Arab Western tackles honour crimes

Euromed Audiovisual spoke to Jean-Claude Codsi, whose film A Man of Honour premiered yesterday in Beirut


Murder to save the family's honour. A custom still prevalent in the Middle East, where in some tribes, a young woman suspected of having lost her virginity before her wedding night sullies her family's honour and must be eliminated, usually by her brother or her father.

In Jean-Claude Codsi's latest film, A Man of Honour, Brahim saves a young woman by killing her executor. Eighteen years later, after bumping into her unexpectedly, he returns home to face his tumultous past, in a film that stars Majdi Machmouchi, Caroline Hatem, Mahmoud Said, Chadi Haddad, and Bernadette Hodeib. 

Euromed Audiovisual spoke to director. 

"I wanted this film, that first and foremost targets an Arab and Oriental audience, to be easily accessible," Codsi told. "This is why I opted for a classic linear narrative structure."

"As I was moving forward in the writing process, it seemed to me that I was drifting towards what we in Arabic ironically call a drama 'aneef, a 'violent or strong drama'. We describe as such the flamboyant Egyptian melodramas of the heydays. I don't deny this connection with what forms a part of our Arab cinematic heritage. In our heritage, we also have - and here we are talking about television series - Bedouin dramas, a genre in which Jordan especially shined. These are historical dramas set in Arab civilization's glorious era, where the values praised were courage, honour, and courtly love. A Man of Honour relates to this too, except that the drama is contemporary, not historical. Sound engineer Manu Zouki told me when he read the script that he saw a sort of Arab Western in it, which I did not dislike. Together with my cinematographer Michael Lagerwey, we finally adopted a scope format with a lot of landscape, characteristics of the American Western. Toufic Farroukh¹s music further emphasized this choice."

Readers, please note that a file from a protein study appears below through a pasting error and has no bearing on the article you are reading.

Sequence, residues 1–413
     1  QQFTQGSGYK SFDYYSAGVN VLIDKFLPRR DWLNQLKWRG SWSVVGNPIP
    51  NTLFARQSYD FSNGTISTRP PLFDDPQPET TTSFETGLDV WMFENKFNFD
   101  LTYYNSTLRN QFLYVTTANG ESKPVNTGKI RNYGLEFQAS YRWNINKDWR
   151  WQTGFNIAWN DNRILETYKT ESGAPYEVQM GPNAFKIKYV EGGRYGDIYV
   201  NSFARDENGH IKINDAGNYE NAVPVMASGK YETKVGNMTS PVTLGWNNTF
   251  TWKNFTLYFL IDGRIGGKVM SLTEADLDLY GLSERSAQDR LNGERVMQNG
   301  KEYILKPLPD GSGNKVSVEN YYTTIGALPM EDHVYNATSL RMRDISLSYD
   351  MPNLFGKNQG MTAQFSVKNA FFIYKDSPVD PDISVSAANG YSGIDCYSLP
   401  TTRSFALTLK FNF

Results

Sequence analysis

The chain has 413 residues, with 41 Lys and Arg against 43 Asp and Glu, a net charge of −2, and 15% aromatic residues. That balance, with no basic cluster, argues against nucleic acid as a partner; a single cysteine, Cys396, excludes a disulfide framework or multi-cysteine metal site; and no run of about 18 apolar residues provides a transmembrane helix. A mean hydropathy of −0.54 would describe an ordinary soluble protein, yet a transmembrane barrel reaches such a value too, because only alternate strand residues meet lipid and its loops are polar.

A Man of Honour was supported by the Euromed Audiovisual II programme during its development phase. The film producer, Michel Ghosn, and the director attended a development programme consisting of three 7-day workshops over the course of a year, where both discussed their project with expert screenwriters and producers.

"The film was partly made thanks to the Euromed Audiovisual programme for the development of film projects in Marrakesh, where my producer Michel Ghosn and I stayed three times, one week at a time, to discuss our projects with expert screenwriters and producers," said Codsi.


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